The Diamondbacks completed a host of offseason moves to make certain to distance themselves from their dismal 70-92 finish last year, including breaking the budget. They believe they have the pieces to contend again.
It all starts with Brandon Webb, who pitched only four innings in 2009 because of a cranky shoulder that finally required surgery in August. The D-backs picked up Webb's $8.5 million option before seeing him throw, but they believe he is coming along and again will be a top-of-the-rotation force with Dan Haren.
If Webb is healthy, the rotation is all but set, with only the fifth starter's job to be settled. It is the only major competition as camp opens. Newcomers Edwin Jackson and Ian Kennedy, acquired in a three-team trade at the winter meetings, will slot 3-4 in the rotation. Billy Buckner, non-roster invitee Rodrigo Lopez, Bryan Augenstein, Cesar Valdez, and Kevin Mulvey are the top candidates for the final job. Buckner was 2-1 with three quality starts and a 3.93 ERA in September and October, giving him a leg up.
The D-backs' mainly youthful bullpen had a 4.61 ERA last year, so veterans Bob Howry and Aaron Heilman were added to specifically address the experience issue. They, closer Chad Qualls, and Juan Gutierrez are bullpen locks. The other three relief spots -- the D-backs like to carry 13 position players and 12 pitchers -- are in competition, although Clay Zavada stands a good shot as he looks like the best left they have.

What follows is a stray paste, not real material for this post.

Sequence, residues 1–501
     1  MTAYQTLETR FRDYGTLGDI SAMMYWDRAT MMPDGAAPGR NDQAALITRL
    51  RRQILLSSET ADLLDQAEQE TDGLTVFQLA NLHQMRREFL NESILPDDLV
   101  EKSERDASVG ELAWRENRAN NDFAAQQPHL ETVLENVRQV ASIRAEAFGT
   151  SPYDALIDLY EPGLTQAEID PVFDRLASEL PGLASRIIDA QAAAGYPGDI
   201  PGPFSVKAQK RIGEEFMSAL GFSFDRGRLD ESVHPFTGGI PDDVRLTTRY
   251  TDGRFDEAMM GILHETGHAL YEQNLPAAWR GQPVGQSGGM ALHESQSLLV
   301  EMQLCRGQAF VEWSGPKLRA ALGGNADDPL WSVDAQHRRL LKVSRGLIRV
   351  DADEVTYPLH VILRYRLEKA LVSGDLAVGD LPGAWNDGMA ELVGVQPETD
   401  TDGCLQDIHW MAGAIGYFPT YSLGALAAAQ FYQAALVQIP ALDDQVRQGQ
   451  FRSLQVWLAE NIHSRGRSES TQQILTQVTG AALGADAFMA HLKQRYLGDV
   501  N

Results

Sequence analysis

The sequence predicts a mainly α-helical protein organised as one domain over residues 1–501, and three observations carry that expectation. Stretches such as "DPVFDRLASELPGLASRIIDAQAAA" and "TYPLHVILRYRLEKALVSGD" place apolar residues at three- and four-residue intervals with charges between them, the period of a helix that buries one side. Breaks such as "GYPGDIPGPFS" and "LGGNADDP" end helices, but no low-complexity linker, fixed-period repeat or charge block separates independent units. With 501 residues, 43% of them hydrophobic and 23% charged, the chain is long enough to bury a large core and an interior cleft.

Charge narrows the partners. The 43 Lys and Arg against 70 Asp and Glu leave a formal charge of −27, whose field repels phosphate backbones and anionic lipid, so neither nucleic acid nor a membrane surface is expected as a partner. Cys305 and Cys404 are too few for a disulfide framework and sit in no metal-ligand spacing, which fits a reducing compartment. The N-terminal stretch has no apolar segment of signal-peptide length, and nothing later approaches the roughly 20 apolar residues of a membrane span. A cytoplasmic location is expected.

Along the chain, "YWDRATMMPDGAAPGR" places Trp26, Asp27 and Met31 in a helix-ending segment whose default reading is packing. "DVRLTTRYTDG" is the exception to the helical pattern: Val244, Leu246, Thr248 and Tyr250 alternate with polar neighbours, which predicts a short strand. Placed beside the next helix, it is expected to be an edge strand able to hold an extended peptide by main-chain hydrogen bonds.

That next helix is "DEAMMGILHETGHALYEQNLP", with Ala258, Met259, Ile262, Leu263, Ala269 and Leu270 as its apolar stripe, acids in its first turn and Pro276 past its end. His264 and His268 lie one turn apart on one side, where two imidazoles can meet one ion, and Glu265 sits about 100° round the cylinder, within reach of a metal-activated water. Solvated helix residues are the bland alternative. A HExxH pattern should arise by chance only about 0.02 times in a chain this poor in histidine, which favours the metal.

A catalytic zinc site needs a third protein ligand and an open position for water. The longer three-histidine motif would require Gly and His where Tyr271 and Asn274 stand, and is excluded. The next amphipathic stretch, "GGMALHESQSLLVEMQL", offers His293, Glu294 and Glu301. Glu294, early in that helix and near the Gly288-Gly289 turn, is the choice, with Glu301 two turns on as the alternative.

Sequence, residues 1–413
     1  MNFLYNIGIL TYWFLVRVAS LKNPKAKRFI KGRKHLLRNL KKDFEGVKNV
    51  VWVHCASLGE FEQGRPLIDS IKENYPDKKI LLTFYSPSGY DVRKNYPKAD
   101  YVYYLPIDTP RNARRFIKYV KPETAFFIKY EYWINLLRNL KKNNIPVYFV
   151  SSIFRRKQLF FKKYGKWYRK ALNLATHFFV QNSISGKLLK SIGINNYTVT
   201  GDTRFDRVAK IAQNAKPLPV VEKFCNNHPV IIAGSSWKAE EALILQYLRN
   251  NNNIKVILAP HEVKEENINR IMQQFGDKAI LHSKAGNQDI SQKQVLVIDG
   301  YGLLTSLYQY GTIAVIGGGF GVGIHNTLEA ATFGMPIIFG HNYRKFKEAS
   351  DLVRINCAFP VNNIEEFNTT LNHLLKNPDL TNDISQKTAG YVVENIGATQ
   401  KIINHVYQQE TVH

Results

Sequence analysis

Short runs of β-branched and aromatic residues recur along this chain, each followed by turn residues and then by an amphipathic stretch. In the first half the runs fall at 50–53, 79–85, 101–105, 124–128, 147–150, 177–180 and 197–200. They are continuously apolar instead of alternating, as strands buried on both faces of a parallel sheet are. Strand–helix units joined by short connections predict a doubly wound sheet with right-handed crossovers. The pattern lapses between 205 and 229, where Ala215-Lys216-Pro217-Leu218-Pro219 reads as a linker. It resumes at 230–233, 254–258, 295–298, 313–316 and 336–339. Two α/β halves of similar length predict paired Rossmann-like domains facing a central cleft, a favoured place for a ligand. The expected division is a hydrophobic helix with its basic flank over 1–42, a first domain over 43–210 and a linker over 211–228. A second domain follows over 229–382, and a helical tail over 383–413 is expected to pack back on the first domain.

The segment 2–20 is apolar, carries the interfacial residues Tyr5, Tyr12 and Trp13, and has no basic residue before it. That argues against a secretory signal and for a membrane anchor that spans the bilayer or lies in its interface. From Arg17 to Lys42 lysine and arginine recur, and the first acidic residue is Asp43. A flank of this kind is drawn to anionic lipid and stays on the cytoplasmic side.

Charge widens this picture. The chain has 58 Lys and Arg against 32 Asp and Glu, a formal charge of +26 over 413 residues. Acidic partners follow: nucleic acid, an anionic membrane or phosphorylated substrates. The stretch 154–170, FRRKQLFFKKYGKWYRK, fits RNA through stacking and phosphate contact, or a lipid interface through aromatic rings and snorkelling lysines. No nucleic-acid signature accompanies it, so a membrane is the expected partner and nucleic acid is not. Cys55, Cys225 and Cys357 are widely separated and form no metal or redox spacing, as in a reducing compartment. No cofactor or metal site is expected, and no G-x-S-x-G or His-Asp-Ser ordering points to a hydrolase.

Webb's is not the only recovery to monitor -- Qualls missed the final month of the season with a fractured left kneecap, but is expected to be full-go when spring training begins. If he can't close, Gutierrez would step in. Gutierrez was 9-for-9 in save opportunities after Qualls was injured last year.
The late signing of free agent first baseman Adam LaRoche pushed the D-backs' 2010 payroll to about $79 million, a few million more than projected, but the team figures it is $6 million well spent to add to a lineup that was only so-so last season despite 44 home runs from third baseman Mark Reynolds. LaRoche, who has averaged 26 homers and 86 RBI the past four seasons, will take over the cleanup spot from catcher Miguel Montero, who had a breakout year in 2009 after previous starter Chris Snyder suffered a back injury that cost him most of the second half of the season.